Add SpeedCurve to your WAF or bot manager allowlist

If you are experiencing issues with your website blocking traffic from SpeedCurve, you may need to configure your firewall (WAF) or bot manager (Akamai, CloudFlare, etc) to allow our servers to reach your site

Customers often use one of the following ways to allow SpeedCurve traffic through their WAF / Bot Manager:

  • User Agent sniffing
  • Custom HTTP Header
  • Custom Cookie

User Agent String

Configuring a WAF to allow our agent access via user-agent sniffing is the simplest way to allow SpeedCurve traffic.

To identify us our agent includes PTST/SpeedCurve in the user agent string

Instructions for CloudFlare

  1. Log into your CloudFlare dashboard and navigate to the WAF page under the Security section.
  2. Click on Create firewall rule.
  3. Set the rule name to SpeedCurve.
  4. For the incoming request match rule, set the field to User Agent and the Operator to contains. Set the value to PTST/SpeedCurve.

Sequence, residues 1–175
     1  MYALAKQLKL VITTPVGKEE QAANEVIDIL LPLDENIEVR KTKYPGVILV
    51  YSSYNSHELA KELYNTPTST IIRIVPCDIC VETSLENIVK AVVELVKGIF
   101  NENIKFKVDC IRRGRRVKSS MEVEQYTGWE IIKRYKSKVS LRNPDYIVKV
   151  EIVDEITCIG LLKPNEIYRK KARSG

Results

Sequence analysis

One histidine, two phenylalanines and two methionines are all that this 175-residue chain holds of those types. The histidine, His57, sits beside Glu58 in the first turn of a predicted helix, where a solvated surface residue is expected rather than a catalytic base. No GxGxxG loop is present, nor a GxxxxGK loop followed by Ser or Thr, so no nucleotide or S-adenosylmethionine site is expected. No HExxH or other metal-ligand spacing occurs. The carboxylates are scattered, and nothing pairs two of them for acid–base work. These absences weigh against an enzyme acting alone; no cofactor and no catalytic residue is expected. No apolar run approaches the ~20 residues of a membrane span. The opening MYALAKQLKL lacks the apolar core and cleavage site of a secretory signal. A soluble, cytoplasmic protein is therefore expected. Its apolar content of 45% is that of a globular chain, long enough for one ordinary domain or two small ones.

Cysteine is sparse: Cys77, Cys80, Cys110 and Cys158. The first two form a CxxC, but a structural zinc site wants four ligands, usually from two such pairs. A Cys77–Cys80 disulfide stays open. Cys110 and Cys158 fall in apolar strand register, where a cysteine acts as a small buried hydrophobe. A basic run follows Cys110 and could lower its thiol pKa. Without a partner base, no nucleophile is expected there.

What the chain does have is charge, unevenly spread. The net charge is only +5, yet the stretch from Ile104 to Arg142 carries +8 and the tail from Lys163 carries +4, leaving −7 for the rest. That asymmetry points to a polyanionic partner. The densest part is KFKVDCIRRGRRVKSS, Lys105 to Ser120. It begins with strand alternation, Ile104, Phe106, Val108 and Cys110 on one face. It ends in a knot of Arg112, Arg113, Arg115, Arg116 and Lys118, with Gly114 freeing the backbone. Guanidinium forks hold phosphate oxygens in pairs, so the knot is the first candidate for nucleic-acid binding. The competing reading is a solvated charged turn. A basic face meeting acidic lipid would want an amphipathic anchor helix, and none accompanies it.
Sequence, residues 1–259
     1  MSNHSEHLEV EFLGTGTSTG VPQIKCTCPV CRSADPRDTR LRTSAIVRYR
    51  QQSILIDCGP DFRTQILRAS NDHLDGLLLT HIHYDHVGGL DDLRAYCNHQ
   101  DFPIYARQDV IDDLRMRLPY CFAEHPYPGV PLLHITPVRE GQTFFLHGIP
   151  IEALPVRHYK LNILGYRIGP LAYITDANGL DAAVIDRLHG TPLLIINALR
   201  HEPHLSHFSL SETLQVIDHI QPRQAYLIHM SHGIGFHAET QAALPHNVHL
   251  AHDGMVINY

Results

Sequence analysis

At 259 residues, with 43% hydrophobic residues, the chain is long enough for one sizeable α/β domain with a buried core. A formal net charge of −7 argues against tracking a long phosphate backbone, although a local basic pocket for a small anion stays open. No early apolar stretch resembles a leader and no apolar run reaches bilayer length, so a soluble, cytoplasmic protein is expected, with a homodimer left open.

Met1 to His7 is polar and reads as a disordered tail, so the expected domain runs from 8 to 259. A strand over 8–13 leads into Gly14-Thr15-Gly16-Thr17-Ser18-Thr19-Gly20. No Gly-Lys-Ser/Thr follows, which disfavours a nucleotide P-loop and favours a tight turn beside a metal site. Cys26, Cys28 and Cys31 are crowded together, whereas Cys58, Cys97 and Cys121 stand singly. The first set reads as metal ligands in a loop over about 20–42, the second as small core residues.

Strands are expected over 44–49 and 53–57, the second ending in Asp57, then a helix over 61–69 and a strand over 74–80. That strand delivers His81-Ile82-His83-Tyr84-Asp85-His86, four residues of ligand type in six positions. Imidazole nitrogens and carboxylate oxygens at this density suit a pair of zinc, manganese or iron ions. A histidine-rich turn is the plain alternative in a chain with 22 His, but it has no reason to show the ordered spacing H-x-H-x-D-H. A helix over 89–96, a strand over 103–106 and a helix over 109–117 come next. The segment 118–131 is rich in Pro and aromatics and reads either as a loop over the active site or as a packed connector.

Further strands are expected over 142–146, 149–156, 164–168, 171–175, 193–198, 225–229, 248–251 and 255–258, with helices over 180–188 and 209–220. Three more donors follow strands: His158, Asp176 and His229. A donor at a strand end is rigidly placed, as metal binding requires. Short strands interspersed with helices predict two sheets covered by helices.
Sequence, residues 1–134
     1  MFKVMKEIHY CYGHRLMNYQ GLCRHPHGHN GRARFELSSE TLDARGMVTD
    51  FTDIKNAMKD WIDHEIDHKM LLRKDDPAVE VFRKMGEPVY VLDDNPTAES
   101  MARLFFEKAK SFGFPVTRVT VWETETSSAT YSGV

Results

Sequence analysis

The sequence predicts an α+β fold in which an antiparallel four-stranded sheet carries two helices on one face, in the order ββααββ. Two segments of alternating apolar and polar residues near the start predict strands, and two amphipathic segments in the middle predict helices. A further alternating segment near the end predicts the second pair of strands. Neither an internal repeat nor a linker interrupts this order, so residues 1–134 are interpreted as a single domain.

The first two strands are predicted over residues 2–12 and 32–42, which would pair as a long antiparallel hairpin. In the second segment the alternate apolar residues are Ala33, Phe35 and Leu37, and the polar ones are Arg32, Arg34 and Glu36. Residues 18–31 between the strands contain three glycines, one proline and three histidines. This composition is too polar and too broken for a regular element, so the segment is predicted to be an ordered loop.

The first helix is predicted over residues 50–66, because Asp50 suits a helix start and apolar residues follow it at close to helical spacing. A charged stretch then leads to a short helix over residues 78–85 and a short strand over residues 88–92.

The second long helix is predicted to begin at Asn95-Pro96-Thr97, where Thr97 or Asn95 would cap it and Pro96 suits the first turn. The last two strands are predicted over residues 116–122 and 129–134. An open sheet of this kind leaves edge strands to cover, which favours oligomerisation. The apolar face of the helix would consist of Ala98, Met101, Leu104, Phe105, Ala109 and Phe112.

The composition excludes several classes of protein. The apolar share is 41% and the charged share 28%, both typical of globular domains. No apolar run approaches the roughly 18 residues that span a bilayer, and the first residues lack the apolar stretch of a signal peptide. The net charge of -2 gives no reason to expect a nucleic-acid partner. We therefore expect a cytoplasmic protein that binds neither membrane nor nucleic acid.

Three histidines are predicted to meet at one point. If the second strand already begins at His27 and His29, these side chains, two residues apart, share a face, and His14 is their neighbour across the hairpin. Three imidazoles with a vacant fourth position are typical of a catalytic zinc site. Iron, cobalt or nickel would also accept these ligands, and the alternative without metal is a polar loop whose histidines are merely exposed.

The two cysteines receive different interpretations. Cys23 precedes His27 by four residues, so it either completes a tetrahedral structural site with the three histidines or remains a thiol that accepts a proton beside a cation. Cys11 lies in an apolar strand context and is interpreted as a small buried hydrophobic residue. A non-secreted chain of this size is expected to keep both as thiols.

5. Set the action to Allow.

  1. Click on Deploy firewall rule.

Instructions for all other WAF & bot manager providers

Most firewall and bot manager providers have a facility to allow traffic based on user-agent. You should configure the allowlist of your firewall or bot manager provider to allow traffic where the User-Agent header contains PTST/SpeedCurve.

The following links may be useful:

Custom HTTP Header

Each URL being tested can have a script associated with it, and within these scripts it's possible to set a custom HTTP header.

For example, the following script sets a header with the name of name and the value of value, and then it loads the URL that's configured for the test:

setHeader	name:value	%ORIGIN%/*
navigate	%URL%

name and value should be swapped for a header name and value that can be configured in your WAF

To restrict which requests a header applies to setHeader supports a URL Pattern filter.

In the above example, is the page being tested is then %ORIGIN%/* will be replaced by* when the script runs

setHeader can also be used without a URL Pattern but this means the header is applied to all requests and this may lead to some CORS requests failing.

Custom Cookie

Cookies are safe header from a CORS perspective so some customers use one as the token for their WAF

For example, this script sets a cookie on the origin of the page being tested with the name of name and the value of value, it then loads the URL that's configured for the text:

setCookie	%ORIGIN%	name=value
navigate	%URL